The essential core of privacy in a modern context, I think, must be built around choice and consent (this is why I'm looking forward to our participation in a couple of Technology Strategy Board projects on Privacy & Consent later in the year). I tend to see these as important components of future consumer propositions and therefore viable if chosen carefully -- there's no point coming with great privacy plans that business will never implement. They call the privacy component of an exchange an "invisible transaction", which is nice way of putting it. If companies can find privacy-enhancing processes that go with the grain of business, then surely they will promote them (much as they have begun to promote "green" elements of their operations).
In the conclusion Charlie and Catherine say that "our collective ignorance means that we get the privacy we deserve" but I'm not sure I'd be so negative. People are ignorant about lots of things, but they expect professionals (eg, us, I hope) to make good decisions for them. I'm happy to contribute to that debate.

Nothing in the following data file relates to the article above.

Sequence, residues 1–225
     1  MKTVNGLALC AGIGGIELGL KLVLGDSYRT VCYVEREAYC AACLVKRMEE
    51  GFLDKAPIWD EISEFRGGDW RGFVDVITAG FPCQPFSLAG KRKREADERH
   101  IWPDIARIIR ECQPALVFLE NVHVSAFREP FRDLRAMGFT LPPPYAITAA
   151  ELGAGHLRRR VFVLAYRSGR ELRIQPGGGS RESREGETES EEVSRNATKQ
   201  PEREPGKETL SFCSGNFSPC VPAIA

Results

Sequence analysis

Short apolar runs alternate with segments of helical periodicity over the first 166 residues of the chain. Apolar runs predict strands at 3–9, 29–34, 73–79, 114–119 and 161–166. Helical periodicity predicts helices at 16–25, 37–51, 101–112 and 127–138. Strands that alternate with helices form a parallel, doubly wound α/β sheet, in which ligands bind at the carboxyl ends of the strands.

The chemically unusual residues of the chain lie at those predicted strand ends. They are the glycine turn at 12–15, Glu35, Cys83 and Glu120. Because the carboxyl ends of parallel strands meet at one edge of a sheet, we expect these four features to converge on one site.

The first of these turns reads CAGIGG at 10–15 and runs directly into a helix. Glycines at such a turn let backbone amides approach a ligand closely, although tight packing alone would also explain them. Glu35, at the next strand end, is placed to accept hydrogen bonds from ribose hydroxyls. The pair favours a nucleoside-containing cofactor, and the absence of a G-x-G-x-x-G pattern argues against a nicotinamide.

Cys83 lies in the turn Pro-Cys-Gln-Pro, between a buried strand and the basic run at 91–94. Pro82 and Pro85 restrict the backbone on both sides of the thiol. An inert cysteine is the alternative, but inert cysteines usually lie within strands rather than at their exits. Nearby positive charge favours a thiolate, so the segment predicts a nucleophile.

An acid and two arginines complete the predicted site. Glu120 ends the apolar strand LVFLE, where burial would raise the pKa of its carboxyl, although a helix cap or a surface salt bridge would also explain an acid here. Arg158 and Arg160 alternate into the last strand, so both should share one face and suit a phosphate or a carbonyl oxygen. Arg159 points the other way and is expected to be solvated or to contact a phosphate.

Continue reading "UK Confidential" »


By Dave Birch posted May 12 2008 at 10:38 PM

[Dave Birch] At the European e-ID conference in Leuven last month, a few basic conclusions were established early on in the proceedings: there is precious little interoperabilty across borders and it's not obvious what to do about it, although the general idea of moving away from interoperable infrastructure and towards gateways to the "magic bus" seemed to have some currency. Not everyone was as downbeat as me. Perhaps the whole idea of pan-European interoperability is simply too big too take on and it might be better to refocus on more limited but more practical goals. The idea of a few national gateways that could interoperate may be more manageable and I did get involved in a couple of discussions about the layers that would be needed to make this happen. But on reflection, it was another idea that might have more success (because of a more decentralised nature): instead of trying to construct a system for interoperability, try to construct a market.

Continue reading "Interwhat?" »